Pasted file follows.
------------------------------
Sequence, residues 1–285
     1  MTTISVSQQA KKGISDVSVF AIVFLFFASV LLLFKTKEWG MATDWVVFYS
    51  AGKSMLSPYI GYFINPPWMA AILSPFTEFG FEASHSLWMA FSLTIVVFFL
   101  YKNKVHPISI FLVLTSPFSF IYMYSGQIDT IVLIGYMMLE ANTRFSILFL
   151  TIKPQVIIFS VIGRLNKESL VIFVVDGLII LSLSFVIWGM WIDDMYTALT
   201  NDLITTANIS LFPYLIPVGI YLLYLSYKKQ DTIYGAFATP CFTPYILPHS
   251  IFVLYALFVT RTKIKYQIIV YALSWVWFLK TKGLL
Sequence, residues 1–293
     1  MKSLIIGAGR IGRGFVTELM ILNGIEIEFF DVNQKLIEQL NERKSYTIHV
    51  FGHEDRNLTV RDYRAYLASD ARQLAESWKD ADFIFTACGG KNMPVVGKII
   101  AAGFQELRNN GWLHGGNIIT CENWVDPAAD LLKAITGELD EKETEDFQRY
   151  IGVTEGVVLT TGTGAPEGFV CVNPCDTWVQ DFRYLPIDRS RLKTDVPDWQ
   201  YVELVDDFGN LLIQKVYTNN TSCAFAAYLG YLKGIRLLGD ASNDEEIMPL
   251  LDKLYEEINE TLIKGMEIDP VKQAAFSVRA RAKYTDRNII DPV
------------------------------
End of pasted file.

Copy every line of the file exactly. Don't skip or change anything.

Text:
Sequence, residues 1–285
     1  MTTISVSQQA KKGISDVSVF AIVFLFFASV LLLFKTKEWG MATDWVVFYS
    51  AGKSMLSPYI GYFINPPWMA AILSPFTEFG FEASHSLWMA FSLTIVVFFL
   101  YKNKVHPISI FLVLTSPFSF IYMYSGQIDT IVLIGYMMLE ANTRFSILFL
   151  TIKPQVIIFS VIGRLNKESL VIFVVDGLII LSLSFVIWGM WIDDMYTALT
   201  NDLITTANIS LFPYLIPVGI YLLYLSYKKQ DTIYGAFATP CFTPYILPHS
   251  IFVLYALFVT RTKIKYQIIV YALSWVWFLK TKGLL
Sequence, residues 1–293
     1  MKSLIIGAGR IGRGFVTELM ILNGIEIEFF DVNQKLIEQL NERKSYTIHV
    51  FGHEDRNLTV RDYRAYLASD ARQLAESWKD ADFIFTACGG KNMPVVGKII
   101  AAGFQELRNN GWLHGGNIIT CENWVDPAAD LLKAITGELD EKETEDFQRY
   151  IGVTEGVVLT TGTGAPEGFV CVNPCDTWVQ DFRYLPIDRS RLKTDVPDWQ
   201  YVELVDDFGN LLIQKVYTNN TSCAFAAYLG YLKGIRLLGD ASNDEEIMPL
   251  LDKLYEEINE TLIKGMEIDP VKQAAFSVRA RAKYTDRNII DPV